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Bulletin / 0 Hours RTO...

0 Hours RTO

Author: Charlie Maclean Bristol, Training Director, FBCI, FEPS

The Italian earthquake and the recent eruption of Mexico's Popocatepetl volcano both show the sheer power of nature and that whatever measures we put in place to try and stop nature, our attempts can be quickly overwhelmed.

Recently I have been working with an organisation which provides data centres. It is a business which, until now, I didn’t know very much about. The company provides the shell to the data centre, along with the cooling, power to the site and management of the sites security. The client puts their own servers into the data space, provides their own network connection and manages their own servers. The data centre company has no access to the clients’ files and equipment but their responsibility is to manage the data centres infrastructure. The key to running the data centres is the work which goes into the infrastructure to ensure that any possible event which could lead to downtime is eliminated. Power feeds into the data centre will be doubled or tripled, there is extra chiller capacity, there are two banks of UPS and if the external power is lost, there are a number of standby generators. All the reserves are in placeto ensure that there is no downtime.This is one of the few instances where the Recovery Time Objective is 0 hours as the data centre provider cannot tolerate any downtime. 

The consequence of downtime for the client may or may not be critical to their organisation, depending on the services their onsite servers provide, and the knock-on effect can be severe. As the data centre industry is very small, if you have an outage your rivals will very quickly hear about it and will use this when they are bidding against you. Secondly, your reputation with your clients might be irretrievably damaged, you may not get further work from them and they may cancel their contracts at their break points.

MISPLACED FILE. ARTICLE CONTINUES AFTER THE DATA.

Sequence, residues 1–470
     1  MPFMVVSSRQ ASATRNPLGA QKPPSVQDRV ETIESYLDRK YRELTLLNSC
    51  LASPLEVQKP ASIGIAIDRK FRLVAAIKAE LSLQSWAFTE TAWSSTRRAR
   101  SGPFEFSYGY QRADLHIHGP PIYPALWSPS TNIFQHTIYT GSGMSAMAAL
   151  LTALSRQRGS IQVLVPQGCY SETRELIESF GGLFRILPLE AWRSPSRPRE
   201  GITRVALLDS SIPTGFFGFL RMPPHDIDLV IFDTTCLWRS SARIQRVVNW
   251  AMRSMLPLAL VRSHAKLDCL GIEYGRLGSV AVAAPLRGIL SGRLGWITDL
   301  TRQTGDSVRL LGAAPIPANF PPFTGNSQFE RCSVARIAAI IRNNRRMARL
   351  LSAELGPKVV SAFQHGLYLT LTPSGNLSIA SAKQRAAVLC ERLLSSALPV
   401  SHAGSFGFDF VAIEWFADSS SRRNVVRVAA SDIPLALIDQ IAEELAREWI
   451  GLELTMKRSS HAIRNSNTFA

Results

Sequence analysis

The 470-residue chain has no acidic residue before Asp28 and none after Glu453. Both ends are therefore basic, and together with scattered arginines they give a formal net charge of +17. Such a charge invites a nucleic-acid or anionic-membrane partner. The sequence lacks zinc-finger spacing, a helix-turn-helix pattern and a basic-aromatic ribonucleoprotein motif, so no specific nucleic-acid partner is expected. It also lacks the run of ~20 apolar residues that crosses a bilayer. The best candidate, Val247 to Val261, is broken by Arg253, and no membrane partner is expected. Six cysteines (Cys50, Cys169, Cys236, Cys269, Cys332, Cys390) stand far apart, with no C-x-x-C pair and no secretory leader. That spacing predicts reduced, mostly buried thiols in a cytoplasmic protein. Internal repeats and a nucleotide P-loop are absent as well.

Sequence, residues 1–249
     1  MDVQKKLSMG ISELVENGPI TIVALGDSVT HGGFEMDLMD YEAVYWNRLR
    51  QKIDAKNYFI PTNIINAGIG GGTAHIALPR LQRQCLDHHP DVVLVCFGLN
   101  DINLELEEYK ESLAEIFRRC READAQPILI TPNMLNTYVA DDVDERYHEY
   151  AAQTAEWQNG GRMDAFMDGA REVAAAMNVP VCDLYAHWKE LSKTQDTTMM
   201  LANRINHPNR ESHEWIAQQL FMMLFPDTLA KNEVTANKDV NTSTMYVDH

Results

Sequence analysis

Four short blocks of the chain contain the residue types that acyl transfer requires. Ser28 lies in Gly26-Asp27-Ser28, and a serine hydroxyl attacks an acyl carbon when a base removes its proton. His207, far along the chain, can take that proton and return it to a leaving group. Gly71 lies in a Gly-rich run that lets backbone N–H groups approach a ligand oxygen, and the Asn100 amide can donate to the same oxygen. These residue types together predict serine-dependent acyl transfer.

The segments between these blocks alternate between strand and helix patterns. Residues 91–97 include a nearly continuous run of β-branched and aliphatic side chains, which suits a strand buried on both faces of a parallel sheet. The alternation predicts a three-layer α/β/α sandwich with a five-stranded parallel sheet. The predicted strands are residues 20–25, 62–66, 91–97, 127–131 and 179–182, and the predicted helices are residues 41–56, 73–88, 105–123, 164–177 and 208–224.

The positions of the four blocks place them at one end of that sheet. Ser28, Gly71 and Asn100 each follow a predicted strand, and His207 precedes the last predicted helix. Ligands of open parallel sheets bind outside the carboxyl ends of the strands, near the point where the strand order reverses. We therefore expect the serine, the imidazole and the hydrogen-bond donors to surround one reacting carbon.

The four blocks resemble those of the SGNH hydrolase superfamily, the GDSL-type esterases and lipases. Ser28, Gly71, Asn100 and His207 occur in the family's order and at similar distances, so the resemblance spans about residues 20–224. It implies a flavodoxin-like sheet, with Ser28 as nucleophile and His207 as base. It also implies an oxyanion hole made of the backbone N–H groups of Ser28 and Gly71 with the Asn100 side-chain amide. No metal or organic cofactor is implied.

The problems at RIM -the Blackberry provider - with the loss of market share to Apple and Android, have seen their problems accentuated by their data centre outage in October when many of their customers lost Blackberry connectivity for a couple of days. This incident, coupled with their poor handling of it, has severely dented their reputation.Data centre providers have to do everything in their power to ensure that there is no downtime, by careful operation of their centres and putting the necessary back-up systems in place. Even 30 seconds of downtime could have a severe impact on their reputation within the industry, both with their current and potential new clients.

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